Contracture of extensor hallucis longus after fracture of di
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Post-traumatic isolated big toe extensor contracture after tibiofibular fracture is uncommon and only a few cases have been reported. Major causes of it include anterior compartment syndrome, direct injury, entrapment or adhesion of the muscle or tendon.

Case report

A 40-year-old man presented with a 20-year-long medical history of hyperextension contracture of the right big toe. He had undergone an operation (open reduction and internal fixation with plate) at another hospital because of a right distal tibial and fibular shaft fracture caused by a traffic accident 20 years ago. The implant was then removed 1 year after the operation due to bone union. The patient's big toe extensor tendon tightness gradually developed and did not subside. This persisting tightness discomfort had not affected his daily activity until he slipped at a toilet 3 months ago. After that, he claimed that the hyperextension contracture of the right big toe got worse and he could not sustain it.

On physical examination, there was an operative scar at the patient's anterior side of the right lower leg. Extension deformity of his right hallux was noted. This hyperextension of right big toe became improved with dorsiflexion of the ankle and aggravated with plantarflexion of the ankle. X-rays of right leg showed union of right tibia-fibular fracture.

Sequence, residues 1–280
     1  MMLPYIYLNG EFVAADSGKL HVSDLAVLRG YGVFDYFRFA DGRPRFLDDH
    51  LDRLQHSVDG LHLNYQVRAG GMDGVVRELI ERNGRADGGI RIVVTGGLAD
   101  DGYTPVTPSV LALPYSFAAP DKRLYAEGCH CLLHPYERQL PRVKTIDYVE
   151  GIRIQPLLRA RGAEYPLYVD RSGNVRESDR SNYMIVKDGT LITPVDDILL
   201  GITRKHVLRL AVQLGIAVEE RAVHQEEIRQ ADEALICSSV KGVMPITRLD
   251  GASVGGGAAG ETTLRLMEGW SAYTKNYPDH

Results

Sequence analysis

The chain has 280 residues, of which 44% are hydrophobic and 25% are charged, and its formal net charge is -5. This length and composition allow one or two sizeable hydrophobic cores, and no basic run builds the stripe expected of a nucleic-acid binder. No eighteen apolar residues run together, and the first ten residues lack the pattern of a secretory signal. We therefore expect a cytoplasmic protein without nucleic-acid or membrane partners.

Operative technique

During the operation, the patient was placed in a supine position under general anesthesia. The incision site was at dorsal side of right foot. Z-lengthening of the EHL tendon and abductor hallux tendon was then performed, followed by wound closure with 4–0 nylon sutures .

Postoperative period

Short leg splint was applied for 3 weeks. After the operation, rehabilitation such as passive range of motion was arranged. After the splint was removed, the patient was educated to do active range of motion of the big toe. 1 month later, the operative wound healed well and there was no discomfort complained from the patient.

In summary,this is a rare case of 20-year-long extensor hallucis longus (EHL) tendon contracture following a distal tibiofibular shaft fracture without any symptoms or signs of compartment syndrome of the affected leg or foot. The clinical outcome is great after Z-lengthening of the EHL tendon and abductor hallux tendon in 1-year follow-up. This case can provide more thorough understanding of extensor contracture of lower extremities in a long-term framework.

Source: https://www.sciencedirect.com/science/article/pii/S2352644020300121
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Dr. S●t P●l
Dr. S●t P●l Orthopaedics
Very nice management
Mar 13, 2020Like